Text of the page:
dataPlor’s CEO and Founder Geoffrey Michener wrote a piece for IDG Connect discussing why the biggest food delivery apps are moving into Latin America, and the challenges they face to compete in its highly saturated market.
The global food delivery mobile app market is expected to hit $16.6 billion
by 2023. India’s Swiggy, Germany’s Delivery Hero, the UK’s Deliveroo, and San Francisco’s Postmates and DoorDash are among the delivery companies expected to attain VC-backed valuations of $1 billion or more in the past two years, according to Pitchbook
The technology industry in Latin America is booming. Millions
of consumers are coming online via mobile devices, and entrepreneurs are seizing the opportunities that increased connectivity offers. In the first half of 2019 alone, VC investment in Latin American startups totaled $2.6 billion
, a significant uptick from the less than $2 billion raised in all of 2018. Technology is disrupting everything in Latin America, from banking and education to travel and food delivery.
The food delivery market in Latin America is now one of the most competitive in the world. In the early 2010s, Germany’s DeliveryHero
expanded aggressively across the region through a series of acquisitions. The food delivery giant arrived in Latin America almost overnight through its acquisition of Uruguayan PedidosYa
, which at the time was the leading online food delivery service. In the same year, DeliveryHero also acquired Colombian startup ClickDelivery
, helping to solidify its Latin American presence.
Latin America’s local delivery heroes
There are more than a dozen other local food delivery apps
in Latin America, all vying for a slice of market share. But Softbank’s billion-dollar bet on Rappi and Uber’s interest in Cornershop are signs that the international community is excited about the region as well. Global delivery giants are increasingly turning to Latin America for growth; however, operating in Latin America is not without its challenges, and requires a different playbook to succeed.
The global players placing bets on Latin America
In 2015, the on-demand courier service, Glovo
, launched in Spain. With a fresh injection of venture capital investment and a joint venture
with mobility company Cabify
, Glovo entered Latin America by launching in Chile in 2017. Cabify supported Glovo’s Latin American launch by providing access to its existing network of messengers, which helped the app to become a regional leader from the start. Glovo now serves more than four million
monthly orders worldwide, with a large percentage of those orders coming from Latin America. Glovo recently reported that Peru will be among its top three markets
by the end of 2019. And while Glovo has been wildly successful in Peru, it has struggled to find its footing in other Latin American countries.
In 2019, Glovo abandoned
its operations in Chile and Brazil following fierce competition with direct competitors Rappi, Cornershop, iFood, and UberEats. UberEats began it international expansion in 2016, which included Mexico. Over a two-year period, the company launched its food delivery service in more than 60 cities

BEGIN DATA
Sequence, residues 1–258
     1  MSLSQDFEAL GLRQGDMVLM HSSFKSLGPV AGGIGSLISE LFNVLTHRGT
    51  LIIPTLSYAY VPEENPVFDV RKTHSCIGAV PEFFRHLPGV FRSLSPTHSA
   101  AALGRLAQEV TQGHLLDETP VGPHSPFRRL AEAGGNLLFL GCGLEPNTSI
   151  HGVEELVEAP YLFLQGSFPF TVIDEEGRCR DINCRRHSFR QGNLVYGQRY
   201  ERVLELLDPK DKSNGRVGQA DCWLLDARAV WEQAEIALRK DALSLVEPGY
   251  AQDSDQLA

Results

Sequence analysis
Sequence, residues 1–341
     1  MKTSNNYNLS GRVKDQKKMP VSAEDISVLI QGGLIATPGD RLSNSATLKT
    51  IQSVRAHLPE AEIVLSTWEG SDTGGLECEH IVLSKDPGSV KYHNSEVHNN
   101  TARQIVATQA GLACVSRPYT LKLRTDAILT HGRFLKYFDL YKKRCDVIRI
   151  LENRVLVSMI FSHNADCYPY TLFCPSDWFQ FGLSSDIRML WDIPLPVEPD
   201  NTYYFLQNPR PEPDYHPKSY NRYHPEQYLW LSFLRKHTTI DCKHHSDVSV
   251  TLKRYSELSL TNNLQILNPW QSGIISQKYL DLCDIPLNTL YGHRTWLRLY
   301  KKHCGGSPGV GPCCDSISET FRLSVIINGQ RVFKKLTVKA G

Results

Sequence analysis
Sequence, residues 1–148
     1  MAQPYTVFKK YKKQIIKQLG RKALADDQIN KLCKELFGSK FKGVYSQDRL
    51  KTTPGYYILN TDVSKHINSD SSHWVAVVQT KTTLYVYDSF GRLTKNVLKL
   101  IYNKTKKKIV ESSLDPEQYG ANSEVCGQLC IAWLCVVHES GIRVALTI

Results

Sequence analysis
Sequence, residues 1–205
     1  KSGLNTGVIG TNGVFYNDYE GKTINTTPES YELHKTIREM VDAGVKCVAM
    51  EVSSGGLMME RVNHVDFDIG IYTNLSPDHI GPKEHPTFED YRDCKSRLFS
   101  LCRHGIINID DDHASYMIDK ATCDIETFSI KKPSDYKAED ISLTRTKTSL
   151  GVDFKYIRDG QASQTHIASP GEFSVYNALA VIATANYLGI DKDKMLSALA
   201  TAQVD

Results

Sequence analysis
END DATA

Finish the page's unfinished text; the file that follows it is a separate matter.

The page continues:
across 11 countries. Although UberEats now has a presence in 40 Mexican cities, the country is completely saturated with food delivery options. UberEats is fighting against Rappi, SinDelantal
(owned by JUST EAT and iFood), Postmates, among others in a market that is estimated to reach $750 million
in sales in Mexico alone by 2021.
Postmates launched in Mexico City
around the same time as UberEats, with more than one thousand local merchant partners and couriers. And while the company does not operate in any other international markets aside from Mexico City, local players are keeping an eye on its growth strategy, which also focuses primarily on food delivery. Meanwhile, Amazon, Walmart, and other grocery retailers are also experimenting heavily with on-demand delivery services in the region.
Challenges still facing food delivery in Latin America
Fierce competition remains the top challenge for both local and global food delivery apps in Latin America, but not the only one. Consumer preferences and digital behavior differ greatly across the region, making local teams and partnerships crucial for success.
According to UberEats data, nearly 20%
of UberEats orders are paid in cash across Latin America, and in Colombia, this number rises to around 40%. Cash is still king in Latin America, so delivery companies must adapt to local payment preferences as well, which means still offering cash payments as an option.
Another growing approach that food delivery companies are using to augment their operations and meet consumer demands are ‘ghost’ or ‘dark’ kitchens
. These basic commercial cooking spaces provide restaurants all the resources they need to cook up more food and deliver it at lower costs. DoorDash has already opened
a dark kitchen for multiple restaurants to share in California, and Glovo launched seven dark kitchens
across Spain, Argentina, Peru, Italy, and Ukraine.
Solving the challenges above will be key to compete in Latin America’s saturated food delivery market. Fortunately, many delivery services have already found unique ways to deal with these hurdles; however, continuous innovation in this space is crucial as more of Latin America’s population comes online and will demand better and faster services.